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By Alexander Osipovich
Companies are on track to raise more money through initial public offerings on Nasdaq Inc. this year than on the New York Stock Exchange, the first time that has happened since 2012's bungled Facebook Inc. offering.
So far this year, total funds raised in Nasdaq-listed IPOs have been $32.4 billion, compared with $26.2 billion for IPOs at NYSE, Dealogic data shows. NYSE, though, says it is ahead using a broader measure of how much capital its companies have raised.
Nasdaq's tally is expected to grow on Wednesday with the debut of Brazilian brokerage XP Inc., which aims to raise as much as $2.1 billion in one of the last big IPOs of the year.
Winning IPOs allows Nasdaq and NYSE parent Intercontinental Exchange Inc. to collect more listing fees and boosts their trading volumes, so they make more money from transaction fees, too. Landing a big IPO also can enhance an exchange's brand, making it easier for that exchange to attract more listings down the road.
The two rival exchanges compete fiercely for companies going public, wooing them with perks such as bell-ringings at NYSE's historic building in lower Manhattan or the display of corporate logos on Nasdaq's huge electronic billboard facing Times Square.
NYSE representatives said the Big Board is ahead of Nasdaq this year if measured by total capital raised. That metric includes not just corporate IPOs but also listings of closed-end funds and follow-on offerings, in which a company raises additional capital, often by selling shares on the exchange where it is already listed.
"The New York Stock Exchange remains by far the global leader in capital raised, with over $100 billion in IPOs and follow-on offerings in 2019," said John Tuttle, vice chairman and chief commercial officer at NYSE.
NYSE won the two biggest IPOs of 2019, the $8.1 billion debut of Uber Technologies Inc. and the $3.3 billion debut of chemicals company Avantor Inc. But Nasdaq won the No. 3 listing: Uber rival Lyft Inc., which raised $2.6 billion -- and fared better than usual against NYSE in winning in other large deals.
Of the IPOs that have raised at least $500 million this year through Tuesday morning, Nasdaq and NYSE won 11 each, according to Dealogic. The last time Nasdaq matched NYSE by that measure was 2000, the peak of the dot-com bubble, Dealogic data shows.
Mr. Tuttle added that NYSE is a pioneer in direct listings, a process in which a company lets its shares float on an exchange without raising new funds. Once little known, the process gained attention after it was used by Spotify Technology SA to go public on NYSE last year, followed by Slack Technologies Inc. in June. Nasdaq has yet to do a significant direct listing, but it offers the process and has been promoting it with prospective issuers.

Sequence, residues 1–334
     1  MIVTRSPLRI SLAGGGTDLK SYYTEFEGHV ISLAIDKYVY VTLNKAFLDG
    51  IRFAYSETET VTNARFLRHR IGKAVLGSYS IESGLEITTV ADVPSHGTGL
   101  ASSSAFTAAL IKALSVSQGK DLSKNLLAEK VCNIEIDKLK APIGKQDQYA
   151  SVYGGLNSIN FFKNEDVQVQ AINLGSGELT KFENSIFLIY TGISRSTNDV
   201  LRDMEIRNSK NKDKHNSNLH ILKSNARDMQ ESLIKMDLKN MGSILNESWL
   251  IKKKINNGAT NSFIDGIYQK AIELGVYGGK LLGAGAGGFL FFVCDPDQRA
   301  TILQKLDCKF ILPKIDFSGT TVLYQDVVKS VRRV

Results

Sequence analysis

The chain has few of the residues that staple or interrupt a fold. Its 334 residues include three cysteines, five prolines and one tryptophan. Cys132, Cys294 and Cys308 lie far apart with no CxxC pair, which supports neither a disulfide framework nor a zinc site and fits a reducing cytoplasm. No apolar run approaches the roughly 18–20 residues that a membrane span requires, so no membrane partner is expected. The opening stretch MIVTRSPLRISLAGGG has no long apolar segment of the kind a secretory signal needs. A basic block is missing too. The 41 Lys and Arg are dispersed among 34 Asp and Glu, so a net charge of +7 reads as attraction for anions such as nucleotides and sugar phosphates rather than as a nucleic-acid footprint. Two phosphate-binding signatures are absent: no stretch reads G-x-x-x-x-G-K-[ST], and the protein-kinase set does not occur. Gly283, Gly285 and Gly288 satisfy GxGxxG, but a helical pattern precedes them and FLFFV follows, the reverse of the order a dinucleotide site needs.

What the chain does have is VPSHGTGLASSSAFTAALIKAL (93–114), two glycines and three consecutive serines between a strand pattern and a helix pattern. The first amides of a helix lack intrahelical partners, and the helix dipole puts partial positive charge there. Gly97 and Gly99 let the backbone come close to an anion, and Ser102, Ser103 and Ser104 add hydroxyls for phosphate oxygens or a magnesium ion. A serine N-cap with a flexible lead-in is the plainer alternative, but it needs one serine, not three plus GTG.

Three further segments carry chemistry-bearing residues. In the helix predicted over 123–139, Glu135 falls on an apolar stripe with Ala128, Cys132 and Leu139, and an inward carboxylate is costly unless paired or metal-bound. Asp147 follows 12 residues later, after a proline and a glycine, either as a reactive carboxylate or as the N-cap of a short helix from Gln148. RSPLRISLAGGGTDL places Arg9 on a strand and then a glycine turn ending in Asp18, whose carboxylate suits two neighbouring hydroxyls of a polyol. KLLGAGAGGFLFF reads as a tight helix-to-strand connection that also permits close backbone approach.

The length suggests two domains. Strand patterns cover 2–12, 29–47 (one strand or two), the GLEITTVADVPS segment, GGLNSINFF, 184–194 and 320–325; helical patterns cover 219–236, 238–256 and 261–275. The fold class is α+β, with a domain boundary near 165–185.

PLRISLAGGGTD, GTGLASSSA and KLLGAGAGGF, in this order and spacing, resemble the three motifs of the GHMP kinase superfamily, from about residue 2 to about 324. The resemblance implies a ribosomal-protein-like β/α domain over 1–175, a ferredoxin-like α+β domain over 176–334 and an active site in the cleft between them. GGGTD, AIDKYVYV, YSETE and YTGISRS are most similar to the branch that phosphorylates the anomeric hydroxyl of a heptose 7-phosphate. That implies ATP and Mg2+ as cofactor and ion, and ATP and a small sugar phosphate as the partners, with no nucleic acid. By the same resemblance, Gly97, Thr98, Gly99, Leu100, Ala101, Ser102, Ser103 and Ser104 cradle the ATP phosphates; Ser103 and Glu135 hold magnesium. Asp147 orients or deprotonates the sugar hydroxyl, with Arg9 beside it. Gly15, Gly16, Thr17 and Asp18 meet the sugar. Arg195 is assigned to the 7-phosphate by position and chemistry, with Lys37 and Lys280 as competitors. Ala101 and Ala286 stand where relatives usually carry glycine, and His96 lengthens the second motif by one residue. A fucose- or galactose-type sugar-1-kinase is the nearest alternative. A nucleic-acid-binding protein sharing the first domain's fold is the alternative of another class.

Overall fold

Nasdaq is typically the underdog when it comes to larger IPOs. NYSE, founded in 1792, has historically been the home of blue-chip stocks, and it leverages its prestige to attract companies, despite generally charging higher listing fees than Nasdaq.
Nasdaq, founded in 1971, became synonymous with technology IPOs in the 1980s and 1990s by listing companies such as Apple Inc. and Amazon.com Inc.
But Nasdaq was hurt by missteps in the Facebook IPO of May 2012. Glitches in the popular listing left brokers and traders confused for hours about whether their orders had been executed, and the incident weighed on Facebook's stock for months. Nasdaq paid tens of millions of dollars in settlements with regulators and investors over the incident.
The debacle upset banks that advise companies on IPOs, undermining Nasdaq's efforts to win deals such as the $25 billion debut of Alibaba Group Holding Ltd. in 2015, according to a new memoir by Robert Greifeld, who was chief executive of Nasdaq at the time.
Nasdaq lost that IPO because of "pressure from the banks and IPO underwriters, many of whom were pushing big clients like Alibaba toward NYSE, 'just to be safe,' " Mr. Greifeld wrote in the book "Market Mover: Lessons From a Decade of Change at Nasdaq," released in October.
Alibaba and Facebook didn't respond to requests for comment.
Nelson Griggs, executive vice president for corporate services at Nasdaq, said in an interview last week that the exchange operator had worked to rebuild its relationship with the banks. After 2012, Nasdaq also revamped its IPO process to ensure that companies going public have more information about what is happening with their stock, he said.
Today, the Facebook IPO has largely vanished from discussions with companies planning to go public, said Patrick Healy, chief executive of Issuer Network LLC, which advises companies on which exchange to choose.
"The Facebook cloud is gone," Mr. Healy said. "It took a very long time."
Nasdaq benefited from a strong year for biotechnology IPOs, where it has an edge because of its popular Nasdaq Biotechnology Index, which includes all biotech companies on the exchange. That means biotech companies going public on Nasdaq are included in exchange-traded funds tied to the index, a potential way for more investors get into their stock.
In May, NYSE said it was reducing listing fees for companies with little to no revenue, a move aimed at attracting biotech IPOs. Still, Nasdaq won all 42 U.S. biotech IPOs so far this year, totaling $4.8 billion in capital raised, Dealogic data shows.
In April, Nasdaq unveiled yet another perk for listed companies: a new event space on the 10th floor of its building in Midtown Manhattan, including a 2,100-square-foot terrace overlooking Times Square, designed to host IPO parties and other events. It was Nasdaq's answer to the lavish facilities for events at NYSE's building downtown, which underwent a costly renovation several years ago.
Write to Alexander Osipovich at email@example.com
(END) Dow Jones Newswires
December 11, 2019 05:44 ET (10:44 GMT)
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